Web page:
2012 OLYMPICS | May-Treanor, Walsh Jennings take next step to gold | TahoeDailyTribune.com

2012 OLYMPICS | May-Treanor, Walsh Jennings take next step to gold

AP Sports Writer

Misty May-Treanor, right, and Kerri Walsh, left, of US celebrate winning a point against Australia in their Beach Volleyball match at the 2012 Summer Olympics, Saturday, July 28, 2012, in London. (AP Photo/Petr David Josek)

LONDON (AP) – Red. Blue. Gold.

No white for Misty May-Treanor’s Olympic manicure. What would be the point of that?

Gold is far more fitting for the two-time Olympic beach volleyball champion, anyway.

May-Treanor, who paints her own nails despite a shaky right hand that is only a slight annoyance, plans to tidy up her look now that she and partner Kerri Walsh Jennings are done with pool play and on to the single-elimination rounds, beginning Friday night.

While those two Americans take their next step, Michael Phelps is set to swim his final individual race of the London Games on Friday in the 100-meter butterfly.

On Thursday night, Phelps won the 200 individual medley for his first individual gold of the games. It was his 16th gold and 20th career Olympic medal, extending his records in both categories. He’s looking to defend his memorable butterfly gold from Beijing, where he edged Serbia’s Milorad Cavic by only one-hundredth of a second.

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May-Treanor revealed the other day that she has a tremor in her right hand. And, no, she insists, it’s nothing to be concerned about – she hasn’t even discussed it with her doctor. But when she tried to help a friend with her makeup in London, she quickly decided that it was a bad move.

“I have a shaking right hand; I have a tremor,” May-Treanor said, picking at her fingers. “It’s hard to paint my nails nicely. I was going to paint them red, white and blue, but I didn’t know what to do with the white. So I went with gold.”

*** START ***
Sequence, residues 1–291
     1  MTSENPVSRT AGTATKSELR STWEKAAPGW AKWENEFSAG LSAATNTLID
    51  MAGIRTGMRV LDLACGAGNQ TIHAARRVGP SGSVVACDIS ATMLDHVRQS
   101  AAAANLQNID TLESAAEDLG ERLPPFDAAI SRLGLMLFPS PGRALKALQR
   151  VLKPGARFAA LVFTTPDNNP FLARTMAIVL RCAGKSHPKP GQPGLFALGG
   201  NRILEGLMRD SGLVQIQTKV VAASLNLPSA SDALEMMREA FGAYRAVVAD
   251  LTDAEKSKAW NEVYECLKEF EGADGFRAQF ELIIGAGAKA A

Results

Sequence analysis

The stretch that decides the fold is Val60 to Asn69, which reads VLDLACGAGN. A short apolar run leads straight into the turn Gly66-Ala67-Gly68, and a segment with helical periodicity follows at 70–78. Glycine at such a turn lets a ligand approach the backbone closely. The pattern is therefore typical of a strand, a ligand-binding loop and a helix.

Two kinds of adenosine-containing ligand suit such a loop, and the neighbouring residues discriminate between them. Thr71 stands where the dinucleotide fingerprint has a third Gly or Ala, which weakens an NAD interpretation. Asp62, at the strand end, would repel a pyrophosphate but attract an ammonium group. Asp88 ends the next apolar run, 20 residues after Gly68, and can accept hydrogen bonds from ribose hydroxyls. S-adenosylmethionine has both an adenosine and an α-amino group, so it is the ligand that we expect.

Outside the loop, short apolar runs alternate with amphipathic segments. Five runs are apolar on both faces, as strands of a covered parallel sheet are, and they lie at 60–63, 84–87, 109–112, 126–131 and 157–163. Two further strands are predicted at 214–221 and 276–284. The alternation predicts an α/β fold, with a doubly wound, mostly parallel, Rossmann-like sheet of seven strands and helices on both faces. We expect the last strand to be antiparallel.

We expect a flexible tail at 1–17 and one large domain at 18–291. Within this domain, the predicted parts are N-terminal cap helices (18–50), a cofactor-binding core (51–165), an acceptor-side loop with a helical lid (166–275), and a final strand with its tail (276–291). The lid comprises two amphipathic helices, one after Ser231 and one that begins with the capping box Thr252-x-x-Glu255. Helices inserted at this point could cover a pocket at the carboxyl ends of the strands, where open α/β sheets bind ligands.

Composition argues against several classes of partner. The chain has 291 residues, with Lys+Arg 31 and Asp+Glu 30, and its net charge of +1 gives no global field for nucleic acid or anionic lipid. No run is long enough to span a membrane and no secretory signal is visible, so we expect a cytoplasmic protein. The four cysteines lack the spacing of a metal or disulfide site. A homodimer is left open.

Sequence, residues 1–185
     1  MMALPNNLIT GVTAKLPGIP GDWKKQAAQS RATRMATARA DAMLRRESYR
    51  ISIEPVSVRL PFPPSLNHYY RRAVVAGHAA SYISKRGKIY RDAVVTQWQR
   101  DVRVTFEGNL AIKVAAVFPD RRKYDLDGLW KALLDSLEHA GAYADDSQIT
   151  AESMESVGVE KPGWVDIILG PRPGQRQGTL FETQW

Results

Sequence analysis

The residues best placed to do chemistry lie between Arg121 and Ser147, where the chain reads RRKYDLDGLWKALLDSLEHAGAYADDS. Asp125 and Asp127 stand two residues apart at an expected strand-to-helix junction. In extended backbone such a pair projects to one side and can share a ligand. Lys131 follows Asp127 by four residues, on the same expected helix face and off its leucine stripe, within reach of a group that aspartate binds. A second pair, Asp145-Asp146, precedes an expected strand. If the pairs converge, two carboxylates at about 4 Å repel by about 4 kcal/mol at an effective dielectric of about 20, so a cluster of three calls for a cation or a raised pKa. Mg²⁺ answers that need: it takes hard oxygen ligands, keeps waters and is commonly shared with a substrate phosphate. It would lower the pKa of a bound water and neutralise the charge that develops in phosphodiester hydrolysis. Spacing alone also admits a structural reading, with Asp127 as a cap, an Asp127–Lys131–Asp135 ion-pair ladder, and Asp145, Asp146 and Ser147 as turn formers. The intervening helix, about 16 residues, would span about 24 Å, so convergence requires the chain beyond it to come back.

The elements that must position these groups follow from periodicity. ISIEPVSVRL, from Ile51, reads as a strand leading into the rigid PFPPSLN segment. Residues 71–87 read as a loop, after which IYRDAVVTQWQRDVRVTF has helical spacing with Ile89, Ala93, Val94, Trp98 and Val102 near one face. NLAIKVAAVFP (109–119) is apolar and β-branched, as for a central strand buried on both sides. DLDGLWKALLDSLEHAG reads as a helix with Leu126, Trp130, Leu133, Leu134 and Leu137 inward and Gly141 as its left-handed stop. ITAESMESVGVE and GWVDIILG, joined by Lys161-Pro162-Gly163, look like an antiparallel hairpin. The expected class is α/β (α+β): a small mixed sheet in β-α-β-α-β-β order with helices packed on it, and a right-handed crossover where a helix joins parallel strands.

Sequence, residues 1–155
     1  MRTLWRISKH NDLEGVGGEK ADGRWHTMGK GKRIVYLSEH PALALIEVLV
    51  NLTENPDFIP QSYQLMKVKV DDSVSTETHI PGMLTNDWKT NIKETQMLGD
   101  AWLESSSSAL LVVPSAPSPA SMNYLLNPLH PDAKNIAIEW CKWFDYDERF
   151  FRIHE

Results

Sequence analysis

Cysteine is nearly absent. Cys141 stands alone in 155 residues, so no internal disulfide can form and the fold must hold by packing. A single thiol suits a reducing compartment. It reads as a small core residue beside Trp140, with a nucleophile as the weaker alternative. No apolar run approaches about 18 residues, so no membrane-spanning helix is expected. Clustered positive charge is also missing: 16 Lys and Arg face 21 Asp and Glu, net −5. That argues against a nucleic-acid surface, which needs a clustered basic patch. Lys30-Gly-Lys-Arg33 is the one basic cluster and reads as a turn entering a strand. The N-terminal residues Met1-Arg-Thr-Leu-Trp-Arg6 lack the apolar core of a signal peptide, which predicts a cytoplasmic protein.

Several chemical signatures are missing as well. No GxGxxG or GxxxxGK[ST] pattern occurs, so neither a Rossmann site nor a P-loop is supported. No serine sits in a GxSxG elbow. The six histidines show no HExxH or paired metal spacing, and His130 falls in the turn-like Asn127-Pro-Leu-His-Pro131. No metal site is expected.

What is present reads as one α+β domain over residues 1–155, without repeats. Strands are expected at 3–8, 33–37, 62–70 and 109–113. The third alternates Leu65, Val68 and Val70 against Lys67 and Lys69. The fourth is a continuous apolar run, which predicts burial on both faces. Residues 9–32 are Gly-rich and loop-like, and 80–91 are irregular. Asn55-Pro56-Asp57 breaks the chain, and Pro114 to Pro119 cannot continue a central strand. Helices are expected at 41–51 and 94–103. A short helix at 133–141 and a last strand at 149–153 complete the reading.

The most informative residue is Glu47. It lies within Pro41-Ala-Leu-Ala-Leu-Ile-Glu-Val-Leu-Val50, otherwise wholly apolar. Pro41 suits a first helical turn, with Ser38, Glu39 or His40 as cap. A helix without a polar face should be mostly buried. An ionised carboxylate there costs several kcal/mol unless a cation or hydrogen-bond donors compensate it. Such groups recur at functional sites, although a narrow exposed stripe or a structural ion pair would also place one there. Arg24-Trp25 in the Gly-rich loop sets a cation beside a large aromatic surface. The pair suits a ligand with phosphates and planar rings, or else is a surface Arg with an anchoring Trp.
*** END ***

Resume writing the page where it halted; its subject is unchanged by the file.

Do forgive the American star if the manicure isn’t quite as spot on as her serve. Every little touch – literally, too – means so much right now as her brilliant career winds down.

This is May-Treanor’s last Olympics. She already celebrated her 35th birthday this week at central London’s picturesque Horse Guards Parade with a trio of pastries, each topped with – what else? – a gold candle.

“Oooh, gold candles, I like that,” May-Treanor said.

Three gold medals would be even sweeter for this pair of American megastars.

Are those sparkly nails in some way a message to everybody else in the Olympic tournament to move out of the way?

“Because she has the gold, probably,” Italy’s Greta Cicolari said Thursday after she and partner Marta Menegatti advanced No. 1 out of their pool at 3-0.

Yet the U.S. team showed a brief, rare moment of vulnerability Wednesday night by dropping a set to Austrian sisters Doris and Stefanie Schwaiger. May-Treanor and Walsh Jennings rallied back for a 17-21, 21-8, 15-10 victory.

Spanning three Olympics, the Americans had gone 16 straight matches and 32 consecutive sets without dropping one.

“I was furious,” Walsh Jennings said, determined to hit the practice court and work out any kinks.

Still, these two are the face of the tournament and everybody knows it.

Italy’s Greta Cicolari and others appreciate that May-Treanor has earned the right to make a bold fashion – er, golden – statement. So many others on the Olympic sand also are sporting snazzy nails. Some are a series of stripes on each nail, or like May-Treanor, alternating colors.

Russia’s Evgenia Ukolova plans to join in the trend and paint her fingernails after going au natural during pool play.

“It’s nice for the next round,” Ukolova said. “TV sometimes focuses on the nails. Usually players do this only on the Olympic games because it’s such a special tournament.”

The Germans certainly get it.

“If I win a gold, I don’t care about nails,” said a smiling Sara Goller, with one stripe each of gold, red and black decorating her nails. “Everybody has so much pressure on them, that it’s nice to have a little something fun to do.”

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